To create and foster high patient engagement, every patient must be able acquire the necessary knowledge to be informed. For the longest time, the main source of medical information for patients was their actual physician. Physicians were the gateway into understanding one’s own body and disease process. This has rapidly changed because of the internet. No longer is medical information trapped in old books or a physician’s mind. Now there are thousands of ways to find medical information, much of it completely useless, inaccurate, not widely applicable or simply plain wrong.
Many physicians will complain that their patients find medical information online and want to discuss it or use it to drive diagnosis and treatment. They are worried that the information their patient found is not accurate, that it will distract a patient from the real medical issue. To some degree, all physicians worry about losing their position as an arbiter or gatekeeper of what medical information their patient receives, losing that feeling that their patients see them as the expert.
The next natural step for physicians is to become a guide and help patients navigate health information themselves. It should be a physician’s responsibility to to lead their patients to high quality medical resources. As physicians we need to steer our patients towards good information, which will limit opportunities for them landing on less accurate or just plain quack medicine sites. Below is a good place to start when trying to find good quality medical information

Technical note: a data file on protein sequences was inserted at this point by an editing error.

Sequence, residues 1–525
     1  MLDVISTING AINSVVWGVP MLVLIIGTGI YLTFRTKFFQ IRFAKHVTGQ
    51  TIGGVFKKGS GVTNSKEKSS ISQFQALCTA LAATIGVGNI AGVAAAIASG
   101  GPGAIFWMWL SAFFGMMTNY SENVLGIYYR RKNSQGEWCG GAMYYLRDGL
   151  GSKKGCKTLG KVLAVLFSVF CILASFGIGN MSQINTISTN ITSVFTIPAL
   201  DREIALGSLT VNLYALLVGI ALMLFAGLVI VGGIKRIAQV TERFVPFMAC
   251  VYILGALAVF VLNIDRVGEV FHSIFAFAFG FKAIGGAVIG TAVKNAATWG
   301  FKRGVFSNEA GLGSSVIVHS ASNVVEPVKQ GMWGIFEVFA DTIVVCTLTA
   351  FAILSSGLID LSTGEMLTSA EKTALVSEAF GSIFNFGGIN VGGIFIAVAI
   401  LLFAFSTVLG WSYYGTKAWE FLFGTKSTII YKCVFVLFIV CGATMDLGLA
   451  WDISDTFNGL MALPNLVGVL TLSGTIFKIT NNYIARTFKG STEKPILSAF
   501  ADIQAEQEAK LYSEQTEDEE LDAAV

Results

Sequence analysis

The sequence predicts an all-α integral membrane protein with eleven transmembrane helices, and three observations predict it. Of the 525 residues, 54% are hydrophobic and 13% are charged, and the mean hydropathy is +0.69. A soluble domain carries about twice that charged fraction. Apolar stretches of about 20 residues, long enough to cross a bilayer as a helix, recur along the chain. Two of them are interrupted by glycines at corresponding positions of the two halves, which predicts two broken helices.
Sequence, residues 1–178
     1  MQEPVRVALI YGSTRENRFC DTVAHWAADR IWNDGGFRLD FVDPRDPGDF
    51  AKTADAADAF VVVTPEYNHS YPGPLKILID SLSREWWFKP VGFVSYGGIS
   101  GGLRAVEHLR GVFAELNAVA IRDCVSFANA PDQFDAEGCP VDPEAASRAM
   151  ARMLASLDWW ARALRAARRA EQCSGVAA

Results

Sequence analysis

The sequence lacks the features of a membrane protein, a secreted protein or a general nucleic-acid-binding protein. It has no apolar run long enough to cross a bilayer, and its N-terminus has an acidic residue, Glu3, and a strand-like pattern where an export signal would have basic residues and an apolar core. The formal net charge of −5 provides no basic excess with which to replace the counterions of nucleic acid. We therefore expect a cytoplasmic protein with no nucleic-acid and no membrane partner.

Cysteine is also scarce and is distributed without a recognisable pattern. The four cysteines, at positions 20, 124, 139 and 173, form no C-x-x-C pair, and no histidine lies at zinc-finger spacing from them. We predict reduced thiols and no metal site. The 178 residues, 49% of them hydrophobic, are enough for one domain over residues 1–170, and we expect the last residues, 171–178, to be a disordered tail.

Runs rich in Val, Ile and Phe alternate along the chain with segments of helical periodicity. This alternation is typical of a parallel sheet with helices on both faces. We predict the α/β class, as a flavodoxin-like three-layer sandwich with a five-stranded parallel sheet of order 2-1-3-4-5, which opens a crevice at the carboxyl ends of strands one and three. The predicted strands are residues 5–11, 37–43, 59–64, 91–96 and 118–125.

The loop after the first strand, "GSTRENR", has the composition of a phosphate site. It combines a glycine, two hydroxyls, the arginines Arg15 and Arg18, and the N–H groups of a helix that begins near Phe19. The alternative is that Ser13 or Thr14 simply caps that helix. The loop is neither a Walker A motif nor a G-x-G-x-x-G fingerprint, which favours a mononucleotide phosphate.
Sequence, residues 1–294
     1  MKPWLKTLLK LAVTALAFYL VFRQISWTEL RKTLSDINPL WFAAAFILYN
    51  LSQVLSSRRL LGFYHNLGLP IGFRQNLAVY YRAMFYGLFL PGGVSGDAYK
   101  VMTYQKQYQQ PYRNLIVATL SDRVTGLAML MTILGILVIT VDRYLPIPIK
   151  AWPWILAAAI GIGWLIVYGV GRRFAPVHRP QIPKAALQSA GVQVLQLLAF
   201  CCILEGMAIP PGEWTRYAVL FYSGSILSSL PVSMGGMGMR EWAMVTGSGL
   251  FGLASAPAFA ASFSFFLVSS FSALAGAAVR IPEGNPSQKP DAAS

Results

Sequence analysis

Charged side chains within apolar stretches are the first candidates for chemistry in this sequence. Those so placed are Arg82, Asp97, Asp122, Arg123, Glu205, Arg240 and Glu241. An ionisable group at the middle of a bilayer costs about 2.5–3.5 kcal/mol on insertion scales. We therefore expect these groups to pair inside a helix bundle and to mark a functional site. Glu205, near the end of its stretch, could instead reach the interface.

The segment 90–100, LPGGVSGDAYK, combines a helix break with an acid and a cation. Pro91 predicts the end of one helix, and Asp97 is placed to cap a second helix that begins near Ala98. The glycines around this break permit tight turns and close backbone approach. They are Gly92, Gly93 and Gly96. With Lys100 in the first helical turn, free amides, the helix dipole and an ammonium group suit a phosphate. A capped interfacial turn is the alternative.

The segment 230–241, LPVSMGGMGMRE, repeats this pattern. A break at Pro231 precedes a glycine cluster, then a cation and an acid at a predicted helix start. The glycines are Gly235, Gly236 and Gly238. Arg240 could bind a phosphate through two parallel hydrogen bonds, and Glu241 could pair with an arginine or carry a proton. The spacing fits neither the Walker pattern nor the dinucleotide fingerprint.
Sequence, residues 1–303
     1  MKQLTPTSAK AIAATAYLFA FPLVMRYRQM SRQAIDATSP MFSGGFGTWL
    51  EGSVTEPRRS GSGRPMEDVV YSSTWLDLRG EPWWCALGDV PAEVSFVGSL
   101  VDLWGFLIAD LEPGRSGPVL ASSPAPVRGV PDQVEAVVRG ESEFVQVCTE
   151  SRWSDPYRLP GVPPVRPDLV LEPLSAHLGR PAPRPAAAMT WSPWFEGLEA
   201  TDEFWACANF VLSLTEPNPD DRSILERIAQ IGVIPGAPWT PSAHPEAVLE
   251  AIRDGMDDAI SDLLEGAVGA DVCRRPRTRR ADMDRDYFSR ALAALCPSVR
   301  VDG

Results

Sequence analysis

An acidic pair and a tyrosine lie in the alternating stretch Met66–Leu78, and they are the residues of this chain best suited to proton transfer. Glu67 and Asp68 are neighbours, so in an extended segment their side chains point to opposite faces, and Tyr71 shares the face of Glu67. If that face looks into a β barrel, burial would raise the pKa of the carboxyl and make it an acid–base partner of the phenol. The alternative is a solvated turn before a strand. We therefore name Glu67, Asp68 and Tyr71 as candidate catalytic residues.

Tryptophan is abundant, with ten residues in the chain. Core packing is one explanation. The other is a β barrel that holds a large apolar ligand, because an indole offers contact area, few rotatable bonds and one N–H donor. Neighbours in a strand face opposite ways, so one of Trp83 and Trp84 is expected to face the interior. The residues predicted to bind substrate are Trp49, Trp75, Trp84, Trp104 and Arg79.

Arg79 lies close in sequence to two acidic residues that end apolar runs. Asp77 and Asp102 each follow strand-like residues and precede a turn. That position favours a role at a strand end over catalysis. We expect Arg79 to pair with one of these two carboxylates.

General Medical Information
To find high quality medical information on a wide variety of medical conditions I would start with WebMD, Mayo Clinic, FamilyDoctor.org, KidsHealth and the Center for Disease Control.
Condition Specific Medical Sites
To research a little more deeply on specific conditions I would recommend the following sites. Both Cancer.org and Cancer.net are excellent resources for information on cancer. Heart.org and Diabetes.org are great for researching cardiovascular disease and diabetes. The National Alliance of Mental Illness has great resources on mental illness.
If you are looking for an objective reference for alternative medicines and treatments, the best place to start is the National Center for Complementary and Integrative Health. The website for this division of the the National Institute of Health is full of useful information to make better decisions on alternative therapies and can be found at nccih.nih.gov.
Lastly, I would recommend looking at two two parts of the Healthfinder website. Using the guides provided there, it can give every patient a template for how to prepare and get the most out of their time with their own physician. The section called Take Charge of Your HealthCare provides a step by step guide to maximizing your use of the the healthcare system and you can find that here. My favorite part is the section on Talking With the Doctor. This has many common medical conditions and provides a series of questions that you should be sure to ask about each condition. These prompts can make a visit with your physician much more efficient and may propel you to better decision making with your physician. You can find that site here.
Very happy to announce that this October, Digital Medicine and You has surpassed all of last years visitor metrics. This website has had more visitors and more page views so far in 2018 than we had all of last year. Very excited about this and thought I would share. As always, love to hear any feedback or have conversations about Digital Health.
“Time is what we want most, but what we use worst.”
April is almost over and I still have not completed my review of the latest health app I have been using. The Health App of the Month will be back and better than ever in May. Hopefully, with time, I will have more posts this summer on many Digital Health topics. As always, if you have any comments, suggestions or ideas for the site, please let me know.